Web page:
KUALA LUMPUR, April 20 – Public health and humanitarian expert Dr Jemilah Mahmood has urged other government ministries, the private sector, and individuals to play more active roles in addressing Malaysia’s rising health burden, as the population ages, risk of non-communicable diseases (NCDs) increases, and infectious disease outbreaks become more common.
Dr Jemilah, currently a professor and director at the Sunway Centre for Planetary Health, said health has to be viewed more broadly in light of climate crisis and future pandemics, which will give rise to more vector-borne diseases and other health issues.
“[We have to acknowledge] that health does not belong to the Health Ministry as [Institute for Medical Research public health physician] Dr Rohaida (Ismail) has said, without proper environmental management and the climate crisis upon us, and the disasters that will happen, we will have, you know, more vector-borne diseases; we will have more issues.
“What about the Ministry of Transport? What is their role in order for them to provide incentives for us to use more public transport – keeping the fossil fuels in the ground? What is the incentive for Malaysia to do this?
“What is the incentive for the Finance Ministry to really push sugar tax, for example, and to also increase taxes so that there are global health benefits, or rather national health benefits,” Dr Jemilah said at the World Health Day 2022 virtual event held on April 7.
“So, a lot of this, is planetary health, it’s that transdisciplinary approach – that political, economic, social, environmental, you know, health, systems coming together in a much more strategic, much more foresight, and much better planning and much better linkages.”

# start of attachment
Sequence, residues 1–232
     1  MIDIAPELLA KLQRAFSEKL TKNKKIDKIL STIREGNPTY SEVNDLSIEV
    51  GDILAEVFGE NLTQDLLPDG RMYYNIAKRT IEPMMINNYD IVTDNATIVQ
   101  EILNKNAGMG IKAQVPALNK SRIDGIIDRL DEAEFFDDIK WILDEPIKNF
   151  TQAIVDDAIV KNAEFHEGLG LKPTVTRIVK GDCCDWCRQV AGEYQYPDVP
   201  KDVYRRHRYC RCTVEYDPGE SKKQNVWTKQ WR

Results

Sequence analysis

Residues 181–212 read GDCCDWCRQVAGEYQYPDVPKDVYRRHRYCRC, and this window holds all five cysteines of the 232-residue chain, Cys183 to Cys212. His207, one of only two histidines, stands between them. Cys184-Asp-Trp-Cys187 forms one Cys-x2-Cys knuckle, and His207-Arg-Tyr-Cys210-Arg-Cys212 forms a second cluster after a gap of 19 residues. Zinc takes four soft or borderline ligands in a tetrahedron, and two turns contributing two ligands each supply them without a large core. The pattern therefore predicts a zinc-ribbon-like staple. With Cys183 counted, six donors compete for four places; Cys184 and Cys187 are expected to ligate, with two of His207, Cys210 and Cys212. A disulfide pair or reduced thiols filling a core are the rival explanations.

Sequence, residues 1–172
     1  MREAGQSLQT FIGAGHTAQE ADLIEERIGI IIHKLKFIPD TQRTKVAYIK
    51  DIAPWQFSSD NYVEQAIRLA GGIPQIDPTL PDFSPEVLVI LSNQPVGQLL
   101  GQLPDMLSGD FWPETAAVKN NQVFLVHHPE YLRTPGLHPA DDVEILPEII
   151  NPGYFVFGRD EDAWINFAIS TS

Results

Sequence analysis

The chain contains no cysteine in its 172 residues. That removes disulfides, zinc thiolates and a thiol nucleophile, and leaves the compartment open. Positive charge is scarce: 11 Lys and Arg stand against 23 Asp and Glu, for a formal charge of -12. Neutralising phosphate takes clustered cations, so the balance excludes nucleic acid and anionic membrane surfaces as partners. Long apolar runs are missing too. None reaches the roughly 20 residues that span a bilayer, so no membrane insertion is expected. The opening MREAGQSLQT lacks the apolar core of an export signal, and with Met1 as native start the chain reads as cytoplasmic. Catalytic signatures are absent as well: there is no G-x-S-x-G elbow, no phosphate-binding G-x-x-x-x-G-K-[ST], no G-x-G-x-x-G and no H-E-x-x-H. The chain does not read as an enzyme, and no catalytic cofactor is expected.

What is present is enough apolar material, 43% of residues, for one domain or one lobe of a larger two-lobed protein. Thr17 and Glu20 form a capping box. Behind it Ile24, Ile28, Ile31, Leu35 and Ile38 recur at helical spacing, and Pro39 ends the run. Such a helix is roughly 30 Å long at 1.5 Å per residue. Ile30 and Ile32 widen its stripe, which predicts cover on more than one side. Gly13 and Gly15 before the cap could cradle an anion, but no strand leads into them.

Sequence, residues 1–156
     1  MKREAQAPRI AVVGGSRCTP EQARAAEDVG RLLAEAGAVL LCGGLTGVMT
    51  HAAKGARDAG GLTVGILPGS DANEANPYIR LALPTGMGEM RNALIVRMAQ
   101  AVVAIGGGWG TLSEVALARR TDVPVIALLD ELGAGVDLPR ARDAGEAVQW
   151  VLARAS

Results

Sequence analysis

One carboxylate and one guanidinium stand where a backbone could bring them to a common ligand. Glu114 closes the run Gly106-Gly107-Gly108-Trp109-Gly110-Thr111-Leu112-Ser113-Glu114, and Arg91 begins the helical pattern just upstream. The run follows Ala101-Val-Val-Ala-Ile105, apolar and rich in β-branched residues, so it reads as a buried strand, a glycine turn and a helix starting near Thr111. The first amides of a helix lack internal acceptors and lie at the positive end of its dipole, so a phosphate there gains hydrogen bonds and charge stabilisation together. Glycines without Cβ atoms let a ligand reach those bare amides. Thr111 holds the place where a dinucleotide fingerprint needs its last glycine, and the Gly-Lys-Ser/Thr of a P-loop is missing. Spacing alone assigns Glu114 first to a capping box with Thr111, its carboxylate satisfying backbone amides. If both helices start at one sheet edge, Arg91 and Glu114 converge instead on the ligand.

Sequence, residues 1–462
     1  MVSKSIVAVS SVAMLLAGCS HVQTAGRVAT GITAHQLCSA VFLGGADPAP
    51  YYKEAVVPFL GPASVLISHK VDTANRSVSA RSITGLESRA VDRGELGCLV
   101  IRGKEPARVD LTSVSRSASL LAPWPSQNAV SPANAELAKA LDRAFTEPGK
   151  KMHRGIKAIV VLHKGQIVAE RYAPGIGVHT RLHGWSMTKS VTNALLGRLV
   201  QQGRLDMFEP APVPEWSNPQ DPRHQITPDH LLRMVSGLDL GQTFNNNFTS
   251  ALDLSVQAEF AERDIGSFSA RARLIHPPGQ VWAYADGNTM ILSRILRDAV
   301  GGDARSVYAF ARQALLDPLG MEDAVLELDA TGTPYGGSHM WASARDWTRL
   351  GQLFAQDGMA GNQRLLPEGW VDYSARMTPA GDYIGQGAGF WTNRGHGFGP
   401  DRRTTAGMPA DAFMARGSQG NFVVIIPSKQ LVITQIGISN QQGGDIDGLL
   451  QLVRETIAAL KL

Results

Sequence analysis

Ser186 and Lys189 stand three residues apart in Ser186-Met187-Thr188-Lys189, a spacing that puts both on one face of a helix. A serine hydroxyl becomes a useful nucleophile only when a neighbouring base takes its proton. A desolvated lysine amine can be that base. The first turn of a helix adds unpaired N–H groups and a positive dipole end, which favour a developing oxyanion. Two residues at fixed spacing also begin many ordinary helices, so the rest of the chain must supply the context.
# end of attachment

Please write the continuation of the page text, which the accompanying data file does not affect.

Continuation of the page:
Health Minister Khairy Jamaluddin, in his pre-recorded speech for the event, delivered the same message, saying people “must not solely depend on the MOH” to live healthily, and that Malaysians should voluntarily change their behaviour and increase their health awareness so that the country can become a healthier nation.
Dr Jemilah said the government, the private sector, and individuals must take responsibility, avoid pointing fingers at the other, and work more collaboratively instead.
“This ‘othering’ issue is something we need to get rid of. It is our responsibility.
“Yes, the government has their own responsibilities to put in place policies, but, you know, we also have our role, the private sector has a role, and I think the more collaborative we are, the more we force that collaboration, that is when we will start to advance,” Dr Jemilah said.
Dr Jemilah also spoke about the need to “dejargonise” science to make people understand issues like the pandemic and planetary health.
“I think this is a really important question and, you know, let’s reflect a little bit around Covid, right? You can have all the science in the world, you can have the best vaccines and the best medication, but until and unless people have trust and behave in a way that prevents the transmission of the virus, we will always be in a huge challenge.
“I think this is the crux of the matter – how do you build trust and understanding of issues like the pandemic, and importantly, issues like planetary health?
“My first advice is dejargonise science. I think a lot of the time, scientists love to talk to each other in very fancy words. You know, the UN (United Nations) has a certain speak. The humanitarian sector has a certain speak; health people love to use big words.
“Now, how do you change all that? How do you dejargonise and communicate the important elements because planetary health is now not only a nice thing to have, it’s a moral imperative and potentially, an existential crisis.
“Now, how do you communicate that in a way that doesn’t create panic but rather a real, you know, incentive for people to change their behaviours,” Dr Jemilah said.
Addressing a separate question on the role of the media in highlighting public health issues, Universiti Sains Malaysia nutritionist Dr Yasmin Ooi Beng Houi said she would like to see more active journalism on health reporting.
“Active journalism in the country, at the moment, seems to be channelled to political parties. So, I would like to see more active journalism, asking tough questions to people like us and the many various stakeholders – what are we going to do, what are we doing, what have we done?” Dr Ooi said.